Marie-Claude Henneresse, née Stoll, Doctor of Philosophy in political science from Alsace, visited the Neuengamme Concentration Camp Memorial on June 5. Her father, Martin Stoll, a German teacher and a French army reserve officer was imprisoned in Neuengamme.
Together with 41 other reserve officers, he was conscripted into the Waffen SS in 1944. The Group refused to serve. They wrote a resolution which was signed by everyone and sent to Adolf Hitler. The protesters were all arrested, convicted at a secret trial and sent to concentration camps as "Night and Fog" prisoners. Martin Stoll arrived at the Neuengamme concentration camp on August 2, 1944 and was later transferred to the satellite camps Wittenberge and Hannover-Ahlem. In the course of the evacuation of concentration camps, he found himself among prisoners who were marched off in the direction of Bergen-Belsen on April 4, 1945. On the third day he managed to escape. A German communist and French prisoners of war helped him go into hiding until the arrival of the British army.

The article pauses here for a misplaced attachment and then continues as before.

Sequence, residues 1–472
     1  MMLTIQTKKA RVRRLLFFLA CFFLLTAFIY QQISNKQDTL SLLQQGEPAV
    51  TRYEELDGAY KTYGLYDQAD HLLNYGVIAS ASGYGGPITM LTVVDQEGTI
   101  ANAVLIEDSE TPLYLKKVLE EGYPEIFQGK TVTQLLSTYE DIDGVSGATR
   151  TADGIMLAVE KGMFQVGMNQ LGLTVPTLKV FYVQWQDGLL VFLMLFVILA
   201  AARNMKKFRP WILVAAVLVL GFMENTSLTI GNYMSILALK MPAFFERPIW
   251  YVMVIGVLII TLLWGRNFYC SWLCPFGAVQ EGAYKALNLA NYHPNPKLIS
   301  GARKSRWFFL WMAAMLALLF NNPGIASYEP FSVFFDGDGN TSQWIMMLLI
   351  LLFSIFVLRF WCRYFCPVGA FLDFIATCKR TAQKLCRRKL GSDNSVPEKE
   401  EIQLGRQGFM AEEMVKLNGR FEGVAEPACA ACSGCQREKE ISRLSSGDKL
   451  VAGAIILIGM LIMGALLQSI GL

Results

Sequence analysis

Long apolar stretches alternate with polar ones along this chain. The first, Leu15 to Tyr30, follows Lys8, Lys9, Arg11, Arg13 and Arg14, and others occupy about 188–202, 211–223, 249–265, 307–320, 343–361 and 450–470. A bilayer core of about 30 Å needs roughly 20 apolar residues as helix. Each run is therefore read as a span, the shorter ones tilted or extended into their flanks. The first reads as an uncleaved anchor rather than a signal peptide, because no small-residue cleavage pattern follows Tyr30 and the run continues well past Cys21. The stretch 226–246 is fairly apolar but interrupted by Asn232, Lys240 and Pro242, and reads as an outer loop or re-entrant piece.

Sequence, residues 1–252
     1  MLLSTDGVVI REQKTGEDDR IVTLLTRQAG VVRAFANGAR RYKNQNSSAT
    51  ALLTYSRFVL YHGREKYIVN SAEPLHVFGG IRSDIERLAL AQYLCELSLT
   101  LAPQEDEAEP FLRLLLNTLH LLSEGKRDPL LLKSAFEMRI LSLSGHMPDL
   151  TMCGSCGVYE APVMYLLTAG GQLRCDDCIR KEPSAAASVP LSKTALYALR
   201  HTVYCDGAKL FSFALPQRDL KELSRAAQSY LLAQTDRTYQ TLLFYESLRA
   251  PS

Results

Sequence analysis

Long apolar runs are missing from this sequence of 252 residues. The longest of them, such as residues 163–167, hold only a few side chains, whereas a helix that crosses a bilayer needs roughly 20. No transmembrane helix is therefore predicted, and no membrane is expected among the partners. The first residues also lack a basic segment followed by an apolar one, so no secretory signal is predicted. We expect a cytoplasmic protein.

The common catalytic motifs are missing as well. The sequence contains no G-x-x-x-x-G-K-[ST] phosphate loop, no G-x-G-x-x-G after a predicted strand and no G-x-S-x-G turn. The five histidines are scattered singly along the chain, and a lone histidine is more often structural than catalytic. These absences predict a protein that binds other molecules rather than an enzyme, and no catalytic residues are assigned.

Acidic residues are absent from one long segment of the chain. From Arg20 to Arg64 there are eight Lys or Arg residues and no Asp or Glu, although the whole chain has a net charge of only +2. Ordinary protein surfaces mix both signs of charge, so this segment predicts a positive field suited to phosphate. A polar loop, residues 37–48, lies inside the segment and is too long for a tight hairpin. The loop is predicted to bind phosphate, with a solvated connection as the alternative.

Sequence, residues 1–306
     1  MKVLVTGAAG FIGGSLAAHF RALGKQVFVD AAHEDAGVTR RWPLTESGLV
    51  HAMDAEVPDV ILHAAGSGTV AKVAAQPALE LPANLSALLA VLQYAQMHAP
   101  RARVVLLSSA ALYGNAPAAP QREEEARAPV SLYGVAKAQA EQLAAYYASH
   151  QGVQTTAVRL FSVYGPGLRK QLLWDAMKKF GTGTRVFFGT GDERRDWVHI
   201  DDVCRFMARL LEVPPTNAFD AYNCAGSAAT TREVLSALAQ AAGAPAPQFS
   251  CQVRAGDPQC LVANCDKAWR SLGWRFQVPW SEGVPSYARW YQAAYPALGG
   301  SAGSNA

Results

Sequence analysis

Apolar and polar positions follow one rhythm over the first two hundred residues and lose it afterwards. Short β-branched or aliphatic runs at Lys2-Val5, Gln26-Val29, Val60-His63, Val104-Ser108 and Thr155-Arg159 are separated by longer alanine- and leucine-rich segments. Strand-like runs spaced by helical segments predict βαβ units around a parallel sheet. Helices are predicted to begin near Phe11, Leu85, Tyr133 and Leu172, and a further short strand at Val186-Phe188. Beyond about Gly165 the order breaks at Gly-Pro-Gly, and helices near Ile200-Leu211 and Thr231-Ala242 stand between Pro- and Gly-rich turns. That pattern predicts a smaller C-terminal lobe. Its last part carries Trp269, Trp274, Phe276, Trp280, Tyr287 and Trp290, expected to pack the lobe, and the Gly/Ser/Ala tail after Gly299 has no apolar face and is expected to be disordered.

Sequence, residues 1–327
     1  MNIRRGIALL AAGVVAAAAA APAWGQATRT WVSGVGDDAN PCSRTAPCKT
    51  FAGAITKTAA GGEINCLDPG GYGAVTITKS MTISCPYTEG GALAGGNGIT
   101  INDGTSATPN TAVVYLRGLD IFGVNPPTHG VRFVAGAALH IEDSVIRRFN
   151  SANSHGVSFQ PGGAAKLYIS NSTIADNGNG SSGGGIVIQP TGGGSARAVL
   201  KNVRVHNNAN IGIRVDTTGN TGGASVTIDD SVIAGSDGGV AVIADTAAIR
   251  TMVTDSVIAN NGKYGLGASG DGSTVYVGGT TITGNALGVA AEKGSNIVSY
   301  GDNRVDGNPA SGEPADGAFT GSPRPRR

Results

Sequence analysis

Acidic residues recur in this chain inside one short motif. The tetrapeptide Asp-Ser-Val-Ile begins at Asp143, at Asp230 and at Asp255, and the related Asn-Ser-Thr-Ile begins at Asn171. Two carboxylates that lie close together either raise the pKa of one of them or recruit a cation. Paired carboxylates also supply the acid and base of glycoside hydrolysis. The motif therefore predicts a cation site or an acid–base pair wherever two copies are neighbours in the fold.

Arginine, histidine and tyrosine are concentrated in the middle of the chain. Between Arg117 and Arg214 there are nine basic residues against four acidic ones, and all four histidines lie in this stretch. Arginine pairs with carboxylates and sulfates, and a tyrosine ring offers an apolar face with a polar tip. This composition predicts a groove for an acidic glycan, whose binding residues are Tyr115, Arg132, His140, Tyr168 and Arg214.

On May 2, 1945 Martin Stoll returned to his hometown Colmar. In 1950 French Ministry of War Veterans and Victims gave him his wristwatch back, which was taken away at the beginning of his imprisonment. Ms. Henneresse donated the watch to the Neuengamme Concentration Camp Memorial. There are also documents about Martin Stoll’s persecution which were necessary for him to be recognized by the state as Deporté Politique and admitted into the Legion of Honor. Martin Stoll’s fate did not affect his love for the German language and culture. What gave him strength during his imprisonment was writing epigrams and poems about natural phenomena and spiritual topics. In freedom he wrote Poetry into a notebook which is now also a part of the memorial’s collection.